A number of property fund managers have raised concerns over the regulator’s proposal to introduce longer notice periods for redemptions, claiming this could reduce consumer choice and create problems for other parts of the market.
Investment analysts have commented that longer notice periods would cause investors to pivot to real estate investment trusts which are seen as more aligned with the illiquid nature of property.
Hughes added: “The consultation closed in November 2020 but as yet no findings and rule changes have been announced, although the key element of the consultation was the potential need to give up to 90 days’ notice to redeem your investment.
"This will have major implications for investors should this change be confirmed but ultimately would likely stop the huge liquidity mismatch risk that got not just M&G but the whole open ended property sector into this mess in the first place.”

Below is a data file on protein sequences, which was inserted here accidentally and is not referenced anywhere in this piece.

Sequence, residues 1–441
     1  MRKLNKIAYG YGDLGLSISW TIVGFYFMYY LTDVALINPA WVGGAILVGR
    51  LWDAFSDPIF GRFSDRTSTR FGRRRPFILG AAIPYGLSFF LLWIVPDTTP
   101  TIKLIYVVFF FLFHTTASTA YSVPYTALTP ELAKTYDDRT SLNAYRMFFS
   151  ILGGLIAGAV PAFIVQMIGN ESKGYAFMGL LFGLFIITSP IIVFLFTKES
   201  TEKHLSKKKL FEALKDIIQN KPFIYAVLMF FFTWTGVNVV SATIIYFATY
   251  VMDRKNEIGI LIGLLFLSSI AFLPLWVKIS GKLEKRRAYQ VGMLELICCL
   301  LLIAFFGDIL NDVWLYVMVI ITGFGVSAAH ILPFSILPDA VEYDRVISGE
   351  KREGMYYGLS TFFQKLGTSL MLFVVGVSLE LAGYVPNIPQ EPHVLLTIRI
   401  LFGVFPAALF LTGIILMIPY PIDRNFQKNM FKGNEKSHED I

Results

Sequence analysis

Moira O’Neill, head of personal finance at Interactive Investor, said: “Whatever the outcome of the review, investors who have been stung by property fund suspensions could be forgiven for avoiding open ended property funds in the future on the basis of ‘Fool me once, shame on you. Fool me twice, shame on me’.
"There’s no guarantee that the FCA’s proposals will solve the issue entirely so we would suggest investors keep an open mind and consider alternatives."
M&G has also announced it will make several changes to the funds, including the pricing methodology which will change to dual pricing on a full spread basis from June 25.
In a statement, the firm says this will provide “greater dealing clarity, reduce the potential for large price fluctuations and provide stronger alignment with the fund’s long term horizon”. The measures also include allowing the actual property exposure to fall to 60 per cent in exceptional circumstances.